The Department of Justice has unsealed charges against three alleged North Korean hackers. It accused them of conspiring to carry out a string of cyberattacks and to steal and extort over $1.3 billion in cash and cryptocurrency from businesses and banks. The indictment also claims they conspired to develop and release malicious cryptocurrency apps.
Among other crimes, the alleged hackers are accused of stealing tens of millions of dollars worth of cryptocurrency. According to the indictment, they conducted spear-phishing campaigns against the Department of State and Department of Defense, as well as tech, energy and aerospace companies.
Additionally, officials claim the individuals ran a blockchain scheme that offered prospective investors a stake in marine shipping vessels. The DOJ says that enabled North Korea "to secretly obtain funds from investors, control interests in marine shipping vessels and evade US sanctions."
Park Jin Hyok, one of the defendants, was previously charged in connection with the 2014 Sony Pictures hack and the 2017 WannaCry ransomware attack. Officials claim that the defendants all work for North Korea’s military intelligence agency, the Reconnaissance General Bureau.
Jon, Kim and Park have each been charged with one count of conspiracy to commit computer fraud and abuse, and one count of conspiracy to commit wire fraud and bank fraud. The DOJ also revealed that a Canadian-American citizen pled guilty to acting as a money launderer for the alleged hackers.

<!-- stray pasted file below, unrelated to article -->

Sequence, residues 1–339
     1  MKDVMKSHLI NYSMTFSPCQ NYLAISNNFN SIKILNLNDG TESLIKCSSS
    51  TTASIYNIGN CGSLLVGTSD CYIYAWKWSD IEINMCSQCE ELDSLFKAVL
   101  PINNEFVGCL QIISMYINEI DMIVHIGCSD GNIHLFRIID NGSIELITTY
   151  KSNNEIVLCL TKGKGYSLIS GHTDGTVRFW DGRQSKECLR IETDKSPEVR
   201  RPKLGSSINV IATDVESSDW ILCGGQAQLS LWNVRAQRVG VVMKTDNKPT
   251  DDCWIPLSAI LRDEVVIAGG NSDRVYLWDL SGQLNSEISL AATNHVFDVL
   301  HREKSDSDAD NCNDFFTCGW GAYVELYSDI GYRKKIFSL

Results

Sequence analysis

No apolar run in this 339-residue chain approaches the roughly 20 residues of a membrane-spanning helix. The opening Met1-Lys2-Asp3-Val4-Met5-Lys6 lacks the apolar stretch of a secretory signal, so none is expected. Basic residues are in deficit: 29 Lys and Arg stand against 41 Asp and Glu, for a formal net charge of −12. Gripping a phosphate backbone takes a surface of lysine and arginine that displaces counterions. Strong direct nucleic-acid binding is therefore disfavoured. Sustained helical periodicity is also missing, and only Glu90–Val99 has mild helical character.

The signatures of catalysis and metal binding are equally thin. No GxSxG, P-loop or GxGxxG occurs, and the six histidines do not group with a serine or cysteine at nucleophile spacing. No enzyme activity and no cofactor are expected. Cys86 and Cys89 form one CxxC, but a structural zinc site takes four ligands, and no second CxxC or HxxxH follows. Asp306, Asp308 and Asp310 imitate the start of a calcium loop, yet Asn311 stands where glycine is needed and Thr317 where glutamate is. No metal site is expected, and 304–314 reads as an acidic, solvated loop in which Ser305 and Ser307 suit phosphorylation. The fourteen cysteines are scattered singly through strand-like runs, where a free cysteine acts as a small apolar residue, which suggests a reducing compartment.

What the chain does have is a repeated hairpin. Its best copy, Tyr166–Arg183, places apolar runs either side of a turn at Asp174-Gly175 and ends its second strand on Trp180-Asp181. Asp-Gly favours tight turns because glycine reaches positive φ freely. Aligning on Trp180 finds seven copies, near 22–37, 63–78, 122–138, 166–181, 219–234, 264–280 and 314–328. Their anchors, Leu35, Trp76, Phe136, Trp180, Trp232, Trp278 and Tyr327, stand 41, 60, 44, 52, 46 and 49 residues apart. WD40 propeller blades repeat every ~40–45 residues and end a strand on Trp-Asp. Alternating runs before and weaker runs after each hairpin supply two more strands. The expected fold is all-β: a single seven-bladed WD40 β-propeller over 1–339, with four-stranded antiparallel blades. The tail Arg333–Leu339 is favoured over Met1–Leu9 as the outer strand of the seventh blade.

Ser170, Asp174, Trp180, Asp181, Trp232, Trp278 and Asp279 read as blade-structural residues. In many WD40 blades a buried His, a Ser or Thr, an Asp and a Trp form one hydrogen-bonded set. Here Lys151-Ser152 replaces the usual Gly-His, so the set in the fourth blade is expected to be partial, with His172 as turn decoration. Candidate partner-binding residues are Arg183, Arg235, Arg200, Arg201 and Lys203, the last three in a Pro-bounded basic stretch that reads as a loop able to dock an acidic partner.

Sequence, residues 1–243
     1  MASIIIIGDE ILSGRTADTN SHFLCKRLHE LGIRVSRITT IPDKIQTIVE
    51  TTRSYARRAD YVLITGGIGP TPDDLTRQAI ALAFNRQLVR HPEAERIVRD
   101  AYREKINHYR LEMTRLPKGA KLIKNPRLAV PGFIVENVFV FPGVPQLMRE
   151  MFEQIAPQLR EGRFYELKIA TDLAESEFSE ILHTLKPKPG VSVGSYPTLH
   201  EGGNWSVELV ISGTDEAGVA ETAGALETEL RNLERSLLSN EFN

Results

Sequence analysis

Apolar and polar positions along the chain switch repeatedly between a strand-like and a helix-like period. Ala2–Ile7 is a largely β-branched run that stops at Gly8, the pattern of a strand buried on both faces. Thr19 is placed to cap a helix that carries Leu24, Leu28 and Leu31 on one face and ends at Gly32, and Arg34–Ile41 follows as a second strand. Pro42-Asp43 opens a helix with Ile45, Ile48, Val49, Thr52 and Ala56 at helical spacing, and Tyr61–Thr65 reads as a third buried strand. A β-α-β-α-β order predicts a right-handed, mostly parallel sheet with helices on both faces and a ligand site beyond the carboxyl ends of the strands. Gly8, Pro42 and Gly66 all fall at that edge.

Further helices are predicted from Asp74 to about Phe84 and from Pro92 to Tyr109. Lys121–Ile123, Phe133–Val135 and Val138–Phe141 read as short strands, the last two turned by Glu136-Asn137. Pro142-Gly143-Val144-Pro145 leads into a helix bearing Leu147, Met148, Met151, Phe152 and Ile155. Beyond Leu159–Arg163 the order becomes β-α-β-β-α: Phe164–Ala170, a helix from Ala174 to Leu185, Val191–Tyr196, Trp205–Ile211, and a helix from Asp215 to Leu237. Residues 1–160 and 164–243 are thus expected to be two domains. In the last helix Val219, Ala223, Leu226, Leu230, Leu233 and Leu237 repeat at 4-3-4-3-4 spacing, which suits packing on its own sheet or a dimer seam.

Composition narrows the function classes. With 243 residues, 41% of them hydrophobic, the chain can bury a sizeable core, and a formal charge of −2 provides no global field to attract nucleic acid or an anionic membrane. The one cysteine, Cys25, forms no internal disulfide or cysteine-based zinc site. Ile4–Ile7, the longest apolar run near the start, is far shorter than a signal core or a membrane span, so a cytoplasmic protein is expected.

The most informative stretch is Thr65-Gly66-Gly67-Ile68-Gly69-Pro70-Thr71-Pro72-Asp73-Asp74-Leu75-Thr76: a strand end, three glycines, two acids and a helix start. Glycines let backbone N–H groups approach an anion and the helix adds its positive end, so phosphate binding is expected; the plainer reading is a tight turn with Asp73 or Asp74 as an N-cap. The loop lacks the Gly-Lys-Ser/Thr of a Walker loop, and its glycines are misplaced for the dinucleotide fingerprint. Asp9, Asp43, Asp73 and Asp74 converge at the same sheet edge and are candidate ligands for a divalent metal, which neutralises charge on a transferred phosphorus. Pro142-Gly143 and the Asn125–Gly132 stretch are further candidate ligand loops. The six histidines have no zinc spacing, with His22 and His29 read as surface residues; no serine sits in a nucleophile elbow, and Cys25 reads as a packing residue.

“As laid out in today’s indictment, North Korea’s operatives, using keyboards rather than guns, stealing digital wallets of cryptocurrency instead of sacks of cash, are the world’s leading bank robbers,” Assistant Attorney General John C. Demers, of the DOJ's National Security Division, said in a statement. “The department will continue to confront malicious nation state cyber activity with our unique tools and work with our fellow agencies and the family of norms abiding nations to do the same.”
Federal officials have linked alleged North Korean hackers to other attacks in recent years. In 2018, the FBI and Department of Homeland Security accused a group called Hidden Cobra of infiltrating the worldwide media, aerospace, financial and critical infrastructure industries.